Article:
UN member states have approved a resolution condemning Russia's occupation of Crimea and calling for rights monitors to be allowed onto the peninsula. Ukraine says there's been a rise in abuses against local residents.
The UN General Assembly's human rights committee backed the Ukraine-drafted resolution by 73 votes to 23 with 76 abstentions.
The document reaffirms the UN's commitment to Ukraine's sovereignty over Crimea and urges Russia to immediately end all abuses against the Black Sea territory's residents, including "arbitrary detentions, torture and other cruel, inhumane or degrading treatment, and to revoke all discriminatory legislation."
Moscow annexed Crimea in March 2014 after months of protests in Kyiv led to the ouster of the former Moscow-friendly president, Viktor Yanukovich. One month later, pro-Russian separatists launched an insurgency in eastern Ukraine.
Ahead of the vote, Russia urged the committee to reject the resolution, calling it "politically motivated." China, Iran, India, Syria, South Africa, Kazakhstan, Serbia and North Korea joined Russia in voting against the text, but it was ultimately approved with backing from the United States, France and Britain. The resolution is expected to be formally adopted by a similar vote before the full 193-member assembly next month.
Increase in rights abuses
Human rights groups have voiced concern over the repression of Crimea's Muslim Tatar minority and the erosion of freedom of expression in the Black Sea territory over the past two years. Local authorities have barred at least two Crimean Tatar leaders from entering the peninsula, shut down Crimean Tatar media outlets, and prohibited peaceful gatherings.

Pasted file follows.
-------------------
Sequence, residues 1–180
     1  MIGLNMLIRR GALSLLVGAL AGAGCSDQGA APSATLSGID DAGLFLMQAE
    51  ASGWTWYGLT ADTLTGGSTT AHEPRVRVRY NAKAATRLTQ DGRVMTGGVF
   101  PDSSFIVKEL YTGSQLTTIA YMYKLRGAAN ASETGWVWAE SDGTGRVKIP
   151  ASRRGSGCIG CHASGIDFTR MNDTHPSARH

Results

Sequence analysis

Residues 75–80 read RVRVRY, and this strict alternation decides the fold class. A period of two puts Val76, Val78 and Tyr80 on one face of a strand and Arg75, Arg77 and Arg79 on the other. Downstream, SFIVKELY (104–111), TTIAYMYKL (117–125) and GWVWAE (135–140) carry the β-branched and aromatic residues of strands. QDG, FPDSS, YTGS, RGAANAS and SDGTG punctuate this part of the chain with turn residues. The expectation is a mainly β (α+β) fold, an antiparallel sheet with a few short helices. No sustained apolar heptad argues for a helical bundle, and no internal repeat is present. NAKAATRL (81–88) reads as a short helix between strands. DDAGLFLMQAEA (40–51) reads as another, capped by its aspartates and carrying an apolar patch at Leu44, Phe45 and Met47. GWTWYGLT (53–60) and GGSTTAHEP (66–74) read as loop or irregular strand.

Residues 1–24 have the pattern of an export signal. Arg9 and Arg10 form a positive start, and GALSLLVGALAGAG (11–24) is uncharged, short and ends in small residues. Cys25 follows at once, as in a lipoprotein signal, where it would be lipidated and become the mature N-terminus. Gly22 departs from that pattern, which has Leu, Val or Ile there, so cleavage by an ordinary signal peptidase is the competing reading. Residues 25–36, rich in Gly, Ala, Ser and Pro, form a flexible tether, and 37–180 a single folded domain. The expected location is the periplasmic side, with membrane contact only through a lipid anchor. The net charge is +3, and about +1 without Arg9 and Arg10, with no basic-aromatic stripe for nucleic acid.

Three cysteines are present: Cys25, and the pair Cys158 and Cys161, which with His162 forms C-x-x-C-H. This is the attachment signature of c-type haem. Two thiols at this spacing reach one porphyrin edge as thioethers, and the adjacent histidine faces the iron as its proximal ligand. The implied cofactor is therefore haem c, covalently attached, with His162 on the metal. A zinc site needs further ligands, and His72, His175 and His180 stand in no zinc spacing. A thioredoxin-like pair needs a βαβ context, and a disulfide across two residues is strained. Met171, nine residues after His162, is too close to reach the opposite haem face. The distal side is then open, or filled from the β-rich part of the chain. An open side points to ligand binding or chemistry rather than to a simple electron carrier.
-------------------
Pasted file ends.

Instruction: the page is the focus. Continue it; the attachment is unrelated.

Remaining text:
The draft resolution condemns discrimination against the ethnic group and calls on Russia to revoke a decision to ban the Crimean Tatar's self-governing body, and to allow cultural and religious institutions to reopen.
Ukraine's Deputy Foreign Minister Sergiy Kyslytsya told the committee that the resolution's main goal "is to ensure that Russia fully complies with its obligations as an occupying power."
"After Russia occupied Crimea, the human rights situation has deteriorated sharply with extrajudicial killings, intimidation, arbitrary detentions, torture and abuses to the freedom of expression," Kyslytsya said.
Russian foreign ministry official Anatoly Viktorov called the draft one-sided. "It completely ignores the negative impact that the actions of Ukrainian authorities have had on the residents of Crimea," he said, adding that the people of Crimea "chose to vote in a historic referendum to reunite with Russia."
A UN monitoring mission on human rights set up in Ukraine in 2014 has not yet been allowed to enter Crimea. The text of the resolution also urged Russia to be more cooperative on that front.
nm/kl (AFP, AP)